Current address: T. J. Watson Research Center, IBM, Yorktown Heights, NY, U.S.A.
Crystallographic Studies of AlGaInN-based Superlattices for Terahertz Emitters
Studied at Northwestern University, Evanston, IL, U.S.A.
"During my graduate and postgraduate studies, I have been involved with III-V semiconductors. I have used chemistry, physics, material science, and engineering disciplines interchangeably throughout my career. Such a multidisciplinary approach enabled my academic and industrial success. I am planning to continue along the same way: engineer novel semiconductor devices and bring new and improved functionality to electronic and photonic technologies through materials, physics, and engineering skills. My goal is to improve the health and well-being of the community through innovation of energy-efficient and inexpensive semiconductor devices based on abundant materials. The setting I will carry out these goals is within a research-oriented atmosphere as in IBM Research now or within an academic setting as a professor."
Growing world population and increasing energy demands call for energy savings in every aspect of our lives. With about 20% of annual energy being consumed for lighting (a $120 billion industry with general lighting covering about 75% of it), environmental-friendly alternatives to existing lighting technologies are under investigation for energy savings. Solid-state lighting-based on light emitting diodes (LEDs) is the most promising candidate capable of fulfilling the lighting demand without trade-off in lighting quality.
Emerging LED lighting is based on gallium nitride (GaN) technology and has the potential to reduce energy consumption by nearly one half while enabling significant carbon emission reduction. However, benefiting the most from light-emitting diodes requires a wide-scale adoption. This necessitates reducing a single LED device cost currently dominated by the substrate (i.e. sapphire) and the epitaxy (i.e. GaN).
I am particularly interested in integrating Graphene, Si and ZnO into GaN-based light emitting diodes. Graphene (a form of Carbon (C)), Silicon (Si), and zinc oxide (ZnO), being the most scalable and earth-abundant materials, can be great substitutes in current LEDs for the costly substrate and epitaxy. Engineering such hybrid devices may reduce the cost significantly but comes with additional hurdles necessitating new technological breakthroughs. I focus on engineering light-emitting diodes with such inexpensive materials and look into novel concepts such as thin film LEDs targeted for solid-state lighting and advanced bio-flex-applications.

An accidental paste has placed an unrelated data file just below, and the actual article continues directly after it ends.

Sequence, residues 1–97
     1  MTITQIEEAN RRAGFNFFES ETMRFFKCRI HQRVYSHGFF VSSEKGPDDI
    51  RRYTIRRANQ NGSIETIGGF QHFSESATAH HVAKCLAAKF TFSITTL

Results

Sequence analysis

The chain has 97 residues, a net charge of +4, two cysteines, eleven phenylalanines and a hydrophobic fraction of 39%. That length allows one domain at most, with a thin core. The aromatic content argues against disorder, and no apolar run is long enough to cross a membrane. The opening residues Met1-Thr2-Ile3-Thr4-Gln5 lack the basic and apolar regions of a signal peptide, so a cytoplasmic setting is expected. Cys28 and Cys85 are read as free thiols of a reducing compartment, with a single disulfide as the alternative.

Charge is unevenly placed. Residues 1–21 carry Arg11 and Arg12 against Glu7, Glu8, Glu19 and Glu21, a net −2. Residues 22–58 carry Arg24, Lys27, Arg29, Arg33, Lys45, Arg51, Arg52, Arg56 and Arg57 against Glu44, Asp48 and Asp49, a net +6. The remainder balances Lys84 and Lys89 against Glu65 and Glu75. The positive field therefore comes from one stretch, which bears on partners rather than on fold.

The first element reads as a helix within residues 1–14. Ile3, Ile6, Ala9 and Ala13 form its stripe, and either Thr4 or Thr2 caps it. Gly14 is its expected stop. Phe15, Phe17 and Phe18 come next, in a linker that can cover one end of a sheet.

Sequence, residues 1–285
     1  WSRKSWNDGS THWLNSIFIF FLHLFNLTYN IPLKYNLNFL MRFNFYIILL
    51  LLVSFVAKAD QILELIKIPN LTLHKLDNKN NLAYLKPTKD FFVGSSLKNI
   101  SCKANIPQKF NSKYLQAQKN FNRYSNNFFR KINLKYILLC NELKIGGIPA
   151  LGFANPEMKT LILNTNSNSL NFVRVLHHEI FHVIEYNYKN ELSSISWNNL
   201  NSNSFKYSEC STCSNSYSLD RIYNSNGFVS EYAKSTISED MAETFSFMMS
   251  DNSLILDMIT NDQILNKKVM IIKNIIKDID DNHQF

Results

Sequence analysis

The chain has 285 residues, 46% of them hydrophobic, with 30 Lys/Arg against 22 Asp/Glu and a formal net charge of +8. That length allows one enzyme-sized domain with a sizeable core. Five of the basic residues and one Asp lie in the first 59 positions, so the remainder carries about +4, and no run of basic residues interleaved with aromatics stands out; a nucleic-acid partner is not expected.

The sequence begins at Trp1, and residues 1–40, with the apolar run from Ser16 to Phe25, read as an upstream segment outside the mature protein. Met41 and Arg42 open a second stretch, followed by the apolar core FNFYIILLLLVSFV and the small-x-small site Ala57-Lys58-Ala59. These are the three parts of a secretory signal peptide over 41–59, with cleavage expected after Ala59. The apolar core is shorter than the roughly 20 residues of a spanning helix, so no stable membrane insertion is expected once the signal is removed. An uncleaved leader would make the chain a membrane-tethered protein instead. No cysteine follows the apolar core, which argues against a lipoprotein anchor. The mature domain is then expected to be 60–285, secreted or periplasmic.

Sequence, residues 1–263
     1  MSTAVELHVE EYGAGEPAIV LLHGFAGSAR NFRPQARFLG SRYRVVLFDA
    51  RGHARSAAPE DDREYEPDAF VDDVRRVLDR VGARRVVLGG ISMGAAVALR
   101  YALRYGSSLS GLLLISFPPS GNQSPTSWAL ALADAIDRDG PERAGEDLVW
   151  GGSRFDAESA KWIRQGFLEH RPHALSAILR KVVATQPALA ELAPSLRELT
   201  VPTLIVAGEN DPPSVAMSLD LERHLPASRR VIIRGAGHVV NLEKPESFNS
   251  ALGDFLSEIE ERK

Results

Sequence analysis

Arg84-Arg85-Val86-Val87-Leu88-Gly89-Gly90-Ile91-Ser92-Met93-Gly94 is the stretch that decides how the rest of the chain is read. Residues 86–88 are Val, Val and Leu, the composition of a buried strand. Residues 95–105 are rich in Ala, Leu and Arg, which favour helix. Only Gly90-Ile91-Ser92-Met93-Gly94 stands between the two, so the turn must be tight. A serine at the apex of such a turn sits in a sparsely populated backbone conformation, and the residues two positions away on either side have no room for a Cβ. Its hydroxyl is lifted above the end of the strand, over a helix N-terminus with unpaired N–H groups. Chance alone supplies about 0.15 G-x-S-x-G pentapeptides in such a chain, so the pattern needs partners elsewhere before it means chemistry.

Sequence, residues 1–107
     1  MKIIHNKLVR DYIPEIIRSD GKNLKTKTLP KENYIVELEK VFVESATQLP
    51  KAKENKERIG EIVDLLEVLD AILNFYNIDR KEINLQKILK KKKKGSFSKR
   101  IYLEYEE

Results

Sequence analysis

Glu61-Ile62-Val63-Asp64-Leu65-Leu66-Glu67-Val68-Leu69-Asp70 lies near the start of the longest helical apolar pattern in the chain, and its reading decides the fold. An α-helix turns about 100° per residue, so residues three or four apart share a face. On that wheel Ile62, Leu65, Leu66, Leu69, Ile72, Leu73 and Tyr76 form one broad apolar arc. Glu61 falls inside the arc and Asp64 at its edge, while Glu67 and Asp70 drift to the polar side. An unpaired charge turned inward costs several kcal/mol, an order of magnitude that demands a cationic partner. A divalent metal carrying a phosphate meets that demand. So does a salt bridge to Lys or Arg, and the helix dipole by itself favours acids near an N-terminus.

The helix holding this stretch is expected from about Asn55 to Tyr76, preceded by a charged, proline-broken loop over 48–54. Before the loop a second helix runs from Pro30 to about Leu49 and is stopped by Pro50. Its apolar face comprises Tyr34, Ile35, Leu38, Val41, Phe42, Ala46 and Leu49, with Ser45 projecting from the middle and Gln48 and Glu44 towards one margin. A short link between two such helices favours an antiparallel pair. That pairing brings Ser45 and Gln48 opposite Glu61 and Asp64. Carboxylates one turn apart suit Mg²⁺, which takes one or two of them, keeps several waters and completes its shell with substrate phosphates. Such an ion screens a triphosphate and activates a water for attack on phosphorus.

- (2012) Best Paper Award at Infrared Optoelectronics Materials and Devices Conference, (MIOMD-XI) (co-chaired by Nobel Laureates Prof. Leo Esaki, and Klaus von Klitzing)
- (2010) IBM Ph.D. Fellowship
(awarded annually to select researchers in the world by International Business Machines Corporation)
- (2010) Link Foundation Energy Fellowship
(awarded annually to three in USA and Canada by Link Foundation)
- (2010) IEEE Electron Devices Society PhD Fellowship
(awarded to three in the world - one in USA - by IEEE Electron Devices Society)
- (2009) Boeing Engineering Student of the Year
(awarded annually to one in the world by Boeing Company)
- (2009) IEEE Photonics Society Graduate Student Fellowship
(awarded to twelve in the world - seven in USA - by IEEE Photonics Society)
- (2009) SPIE Laser Technology, Engineering and Applications Scholarship
(awarded to one in the world - third top recognition - by SPIE Society)
- (2009) Ludo Frevel Crystallography Scholarship
(awarded to ten in the world by ICDD)
- (2008) Dow Sustainability Innovation Award
(awarded to one in select worldwide universities by Dow Chemical Company)
"I would like to thank the donors for an extremely valuable scholarship opportunity available for material science enthusiastic graduate students such as I once was. The available funds that came along with becoming a Ludo Frevel Scholar brought additional exposure to my work through enabling an additional conference attendance. With the remaining funds, I diversified my research area through exposure to different scientific societies, reading materials, and simulation tools. I am proud to be a member of the elite Ludo Frevel Scholar Alumni and am thankful for this unique honor and timely financial assistance that helped shape my early career."